Identity, community & calling shenanigans on BS in the raw, real, nostalgic Situational Anarchy

 Graham Isador in Situational Anarchy

 

Pressgang Theatre joins forces with Pandemic Theatre to present Graham Isador’s one-man work of creative non-fiction Situational Anarchy, direction/dramaturgy by Tom Arthur Davis and Jivesh Parasram, and opening last night at Stop Drop N Roll.

Autobiographical, with an altered timeline and an amalgamation of several bands that were seminal in Isador’s life, Situational Anarchy is part self-discovery, part confession, and part ‘fuck you’ to betrayal and bullshit.

From the thoughtful, curious 11-year-old whose mind is blown when his mum gets real about his grade 6 music performance, to the awkward, large and bullied kid stumbling onto puberty, Graham is searching for meaning and desperate to belong. Try as he may, he can’t seem to find his place and almost checks out—then he discovers the punk band Against Me and its lead singer Laura Jane Grace, who later transitioned from male to female. Beyond the music, the social activism and humanity of this world resonate strongly.

His joy at discovering the music and the message increases when he finds community in the band’s online chatroom—and the cool, fun, smart Mouse, who lives in LA and steals his heart. Things fall apart when he gets caught up in Mouse’s unhealthy body image lifestyle and Against Me signs with Warner Music—which he views as a sell-out, as Warner also owns CNN—and he loses that online community and Mouse. Things come to a violent head when he drops by a local punk bar. It’s definitely not the community he knows and loves. Drafting a letter to Laura Jane Grace throughout, his correspondence serves as a framework for his story. And he’s calling bullshit on her. Years later, he takes a job interviewing her. So much to say.

Staged with multiple microphones, Situational Anarchy is a punk rock solo theatre piece. Isador’s performance is genuine, raw and personal, revealing a dark, edgy sense of humour and a profound longing to connect and belong. Weaving stories of coming of age, body image, homophobia, music and activism, he opens and closes his heart and mind to us in a funny and heart-breaking, at times violent, misfit’s journey of storytelling—reminding us of the power of music and message to inspire and unite.

With shouts to the design/running team: Ron Kelly (sound), Laura Warren (lighting/projection) and Heather Bellingham (stage manager).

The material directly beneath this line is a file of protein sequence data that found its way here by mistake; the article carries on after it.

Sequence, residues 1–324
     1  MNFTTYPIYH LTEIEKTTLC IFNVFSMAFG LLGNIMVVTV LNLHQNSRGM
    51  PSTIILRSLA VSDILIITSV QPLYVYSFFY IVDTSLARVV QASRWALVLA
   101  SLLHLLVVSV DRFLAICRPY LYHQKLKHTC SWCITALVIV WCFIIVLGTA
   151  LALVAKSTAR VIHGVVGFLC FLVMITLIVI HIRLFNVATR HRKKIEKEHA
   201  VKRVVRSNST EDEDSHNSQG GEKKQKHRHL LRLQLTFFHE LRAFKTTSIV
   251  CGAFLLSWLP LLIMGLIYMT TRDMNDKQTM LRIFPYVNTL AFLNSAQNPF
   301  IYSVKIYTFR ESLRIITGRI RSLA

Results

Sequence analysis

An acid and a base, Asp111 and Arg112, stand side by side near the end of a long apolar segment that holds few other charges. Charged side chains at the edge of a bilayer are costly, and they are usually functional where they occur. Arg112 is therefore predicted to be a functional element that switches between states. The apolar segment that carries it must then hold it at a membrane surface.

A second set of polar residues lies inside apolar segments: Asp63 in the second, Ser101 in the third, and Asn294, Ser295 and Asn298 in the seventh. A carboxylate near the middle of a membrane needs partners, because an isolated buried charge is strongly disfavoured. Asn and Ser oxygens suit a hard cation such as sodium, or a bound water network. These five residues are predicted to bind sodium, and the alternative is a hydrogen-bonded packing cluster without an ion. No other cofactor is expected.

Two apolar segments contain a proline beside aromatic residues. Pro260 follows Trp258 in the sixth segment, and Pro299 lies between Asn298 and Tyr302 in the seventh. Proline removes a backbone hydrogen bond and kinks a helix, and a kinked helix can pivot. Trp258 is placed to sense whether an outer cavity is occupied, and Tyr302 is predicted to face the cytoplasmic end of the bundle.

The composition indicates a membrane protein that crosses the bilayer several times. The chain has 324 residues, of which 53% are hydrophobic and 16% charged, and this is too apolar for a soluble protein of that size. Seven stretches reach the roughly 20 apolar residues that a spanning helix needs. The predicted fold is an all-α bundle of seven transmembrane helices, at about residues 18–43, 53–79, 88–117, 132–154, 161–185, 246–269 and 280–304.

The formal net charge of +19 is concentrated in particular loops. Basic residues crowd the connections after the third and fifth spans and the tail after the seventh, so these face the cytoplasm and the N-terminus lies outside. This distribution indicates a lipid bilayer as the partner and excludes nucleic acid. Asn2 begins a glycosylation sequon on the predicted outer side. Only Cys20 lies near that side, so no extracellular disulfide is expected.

Identity, community and calling shenanigans on bullshit in the raw, real, nostalgic Situational Anarchy.

Situational Anarchy continues at Stop Drop N Roll (300 College St., Toronto—above Rancho Relaxo) until June 3. Tickets at the door are Pay What You Want; advance tickets available online for $15. Heads-up: Seating very limited; only 25 seats per night.

All proceeds from the show (after expenses) will be donated to Trans Lifeline [US: (877) 565-8860 Canada: (877) 330-6366] and Gender is Over.

The closing performance will be followed by a set from Stuck Out Here.

The power of hope & community to build a dream in the sharply funny, poignant, uplifting Superior Donuts

Photo by Shaun Benson: Robert Persichini and Nabil Rajo in Superior Donuts

Coal Mine Theatre continues its 2016-17 season with the Canadian premiere of Tracy Letts’ Superior Donuts, directed by Ted Dykstra, and opening last night to a packed house and a standing ovation at its home at 1454 Danforth Ave., Toronto.

When we first see Superior Donuts, the shop appears to have been abandoned. The shelves are empty, there’s litter strewn across the counter and floor, chairs and stools overturned, and the word “Pussy” has been spray painted in neon orange on the chalkboard green wall. As the play opens, though, we learn it’s been vandalized; and Max (Alex Poch-Goldin), who owns the neighbouring DVD store, is giving his account to police officers Randy Osteen (Darla Biccum) and James Bailey (Michael Blake) after calling it in. We also learn from Max that Superior Donuts owner Arthur (Robert Persichini) has been absent lately, and hasn’t opened the shop in a couple of days, as he mourns the loss of his ex-wife.

Arthur arrives as Max is finishing up with the police, already slow moving and numb as he takes in the damage, eventually realizing he’s missed his coffee delivery, so has no coffee to offer anyone. Left alone to tidy up, he’s roused by an insistent and persistent knock on the locked door; a kid responding to his help wanted notice. Arthur reluctantly opens the door to Franco (Nabil Rajo), a fast-talking young man with seemingly boundless energy; and after an unusual and certainly creative job interview, Franco is hired. Meanwhile, Franco has troubles of his own; bookie Luther (Ryan Hollyman) and his muscle Kevin (Jon Lachlan Stewart) pay him a visit after Kevin sees him working at the shop. Franco has a large gambling debt, and Luther is under extreme pressure from the powers that be—he wants his money now and the clock is running out for Franco.